For those without convenient access to a classroom, General Assembly’s online programs offer the same invaluable training, allowing students to take away an understanding of topics such as marketing, financial modeling and computer design.

As for kickstarting a new career, there is a global network of organizations — Apple, Buzzfeed, Google and Spotify to name a few — that have hired alumni and continue to look for graduates. According to General Assembly, 99 percent of graduates from its Immersive programs — 8-to-12-week, full-time programs focusing on web development, user experience design and product management — are hired within six months of graduation.

Beyond classes, the campuses hold information sessions and events that cater to many interests. “Any given night, there could be seven different events going on,” Gleger noted. “There’s a lot of opportunities.”

General Assembly is a 21st-century creation that focuses on just that: the 21st century. With constant technological evolution, General Assembly is prepared to adapt and expand its course offerings to provide the vital skills that the professionals of today and tomorrow require. Summing up the school’s philosophy, Gleger said: “It’s all about understanding and analyzing the demand for certain skills. It’s very market-driven.”

Projects and Passion: 4 D.C. Principals Usher in the School Year

The waning days of summer have an intriguing ability to unearth youthful memories. This time of year reminds many of their childhoods, of long sun-soaked days and back-to-school shopping. It’s a time when slates are scrubbed clean and a feeling of anticipation (new friends, new challenges, new opportunities) floats buoyantly in the air.

As school begins this month, four local principals shared their enthusiasm for what’s ahead in their respective schools, from new playgrounds and outdoor classrooms to growing enrollment numbers.

Patricia Pride, principal at Hardy Middle School on 35th Street, is excited to see the Hawks return to the nest.

“There are great opportunities in store for our Hardy Middle School students,” said Pride. She added that the support the school is receiving from its feeder schools is stronger every year. Following boundary changes, John Eaton Elementary will become a full feeder school for Hardy.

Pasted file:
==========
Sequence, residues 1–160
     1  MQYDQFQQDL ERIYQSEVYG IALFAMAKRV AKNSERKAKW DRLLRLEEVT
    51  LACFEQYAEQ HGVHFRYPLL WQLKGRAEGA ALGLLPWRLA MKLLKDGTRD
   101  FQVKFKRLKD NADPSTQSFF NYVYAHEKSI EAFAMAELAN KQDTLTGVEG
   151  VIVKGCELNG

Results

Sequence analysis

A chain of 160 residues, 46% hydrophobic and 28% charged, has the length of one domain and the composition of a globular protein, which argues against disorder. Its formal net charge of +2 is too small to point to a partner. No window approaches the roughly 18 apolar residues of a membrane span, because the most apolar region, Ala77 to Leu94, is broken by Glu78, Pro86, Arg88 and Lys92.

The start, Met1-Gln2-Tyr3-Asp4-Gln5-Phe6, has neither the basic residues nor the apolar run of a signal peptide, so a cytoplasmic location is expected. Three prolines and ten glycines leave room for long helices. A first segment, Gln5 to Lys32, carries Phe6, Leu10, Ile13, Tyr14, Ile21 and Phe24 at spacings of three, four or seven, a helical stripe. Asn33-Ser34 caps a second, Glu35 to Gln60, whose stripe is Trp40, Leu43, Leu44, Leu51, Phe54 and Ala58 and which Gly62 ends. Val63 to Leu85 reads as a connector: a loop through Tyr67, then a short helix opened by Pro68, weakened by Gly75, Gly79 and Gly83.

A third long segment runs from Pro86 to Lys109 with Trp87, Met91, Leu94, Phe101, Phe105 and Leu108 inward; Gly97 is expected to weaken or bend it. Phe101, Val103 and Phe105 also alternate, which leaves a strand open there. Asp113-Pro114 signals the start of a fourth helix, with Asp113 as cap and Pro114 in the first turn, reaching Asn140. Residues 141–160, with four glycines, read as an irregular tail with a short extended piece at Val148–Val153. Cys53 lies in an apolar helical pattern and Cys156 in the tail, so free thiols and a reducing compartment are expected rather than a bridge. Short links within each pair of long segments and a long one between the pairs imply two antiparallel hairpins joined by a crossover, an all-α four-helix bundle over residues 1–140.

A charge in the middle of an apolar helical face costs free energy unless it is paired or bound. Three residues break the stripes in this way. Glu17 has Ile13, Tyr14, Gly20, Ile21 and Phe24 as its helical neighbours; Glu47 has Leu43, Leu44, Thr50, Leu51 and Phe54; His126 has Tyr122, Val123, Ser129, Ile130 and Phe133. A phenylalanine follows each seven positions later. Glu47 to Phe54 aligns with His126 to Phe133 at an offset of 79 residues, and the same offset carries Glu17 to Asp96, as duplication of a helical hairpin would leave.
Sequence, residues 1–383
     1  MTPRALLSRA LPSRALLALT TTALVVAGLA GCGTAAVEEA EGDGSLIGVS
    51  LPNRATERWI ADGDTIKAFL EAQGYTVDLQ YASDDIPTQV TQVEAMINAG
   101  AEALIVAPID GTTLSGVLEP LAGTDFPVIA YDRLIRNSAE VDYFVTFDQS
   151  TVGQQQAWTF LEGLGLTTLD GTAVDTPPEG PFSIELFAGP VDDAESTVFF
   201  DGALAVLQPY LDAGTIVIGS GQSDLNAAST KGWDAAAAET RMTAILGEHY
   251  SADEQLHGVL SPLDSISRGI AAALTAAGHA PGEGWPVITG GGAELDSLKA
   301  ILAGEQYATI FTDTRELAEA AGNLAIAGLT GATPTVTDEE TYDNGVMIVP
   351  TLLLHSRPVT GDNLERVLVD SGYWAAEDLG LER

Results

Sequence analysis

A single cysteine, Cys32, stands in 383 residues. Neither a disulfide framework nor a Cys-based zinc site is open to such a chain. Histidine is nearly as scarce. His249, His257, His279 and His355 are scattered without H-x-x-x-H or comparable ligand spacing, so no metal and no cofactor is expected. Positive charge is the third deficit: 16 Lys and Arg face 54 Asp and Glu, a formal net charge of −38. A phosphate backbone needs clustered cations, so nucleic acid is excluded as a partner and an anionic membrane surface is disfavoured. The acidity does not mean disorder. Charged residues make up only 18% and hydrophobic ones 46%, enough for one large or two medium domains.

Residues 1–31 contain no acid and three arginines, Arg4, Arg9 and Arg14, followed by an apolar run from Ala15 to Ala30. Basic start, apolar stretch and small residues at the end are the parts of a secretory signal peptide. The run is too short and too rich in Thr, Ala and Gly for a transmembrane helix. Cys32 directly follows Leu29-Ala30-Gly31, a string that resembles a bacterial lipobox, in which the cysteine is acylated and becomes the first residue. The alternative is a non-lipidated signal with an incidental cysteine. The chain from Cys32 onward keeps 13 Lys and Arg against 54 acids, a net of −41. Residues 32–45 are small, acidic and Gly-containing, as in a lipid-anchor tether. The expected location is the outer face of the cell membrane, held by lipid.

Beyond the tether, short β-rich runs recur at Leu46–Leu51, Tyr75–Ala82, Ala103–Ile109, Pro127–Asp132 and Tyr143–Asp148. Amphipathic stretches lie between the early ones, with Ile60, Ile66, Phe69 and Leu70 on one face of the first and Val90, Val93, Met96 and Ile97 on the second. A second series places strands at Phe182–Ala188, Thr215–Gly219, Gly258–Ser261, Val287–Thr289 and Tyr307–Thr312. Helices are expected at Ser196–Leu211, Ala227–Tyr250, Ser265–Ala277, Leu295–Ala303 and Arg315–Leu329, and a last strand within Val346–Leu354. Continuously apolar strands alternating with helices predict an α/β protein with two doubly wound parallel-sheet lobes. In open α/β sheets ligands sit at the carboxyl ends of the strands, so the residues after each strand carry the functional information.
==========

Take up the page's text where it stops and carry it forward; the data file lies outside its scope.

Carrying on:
One of the school’s newest additions is a homeroom class period for every student on Wednesdays, an initiative meant to foster students’ emotional growth.

“Homeroom will be a place where students can connect with teachers, where they won’t owe a grade,” said Pride, adding that it’s also a safe place to discuss issues that may be worrying them. Additionally, the school is breaking ground on an outdoor classroom in September, and teachers will be implementing new District-led “Cornerstone Shared Experience” assignments.

Meanwhile, at Hyde-Addison Elementary School, planning is underway for a new gym, media center/library and cafeteria, plus new music and classroom space. Excavation is expected to begin between late spring and the end of the school year. The project comes at a good time given the school’s growth, particularly in its fifth-grade numbers. While the school has two fifth-grade classes, enrollment continues to increase as families prepare their students for the middle-school world ahead. The 2015-2016 school year will also see the introduction of the school’s first Pre-K 3 class.

“We’re excited to have 16 three-year-olds this year,” said Principal Elizabeth Namba, who’s going into her second year as principal of Hyde-Addison. Originally from Connecticut, Namba seeks to nurture a supportive, yet rigorous and caring environment. Furthermore, she diligently works with the school’s staff to ensure that students have the best possible academic experience while meeting their social and emotional potential.

At Stoddert Elementary School, Principal Donald Bryant was upbeat about the campus’s playground renovation. The project, to be completed by late August, includes an outdoor classroom, a new climbing structure, a jogging track and a hard walking surface, not to mention a new artificial-turf surface.

Stoddert’s hallways will brighten this year after some new faces are welcomed to the leadership team, including Ibis Villegas, assistant principal, and Clinton Turner, the new resident principal and a Mary Jane Patterson Fellow.

As at Hyde-Addison, fifth-grade enrollment at Stoddert has increased, actually doubling since the past year. This rise has led to the addition of another classroom.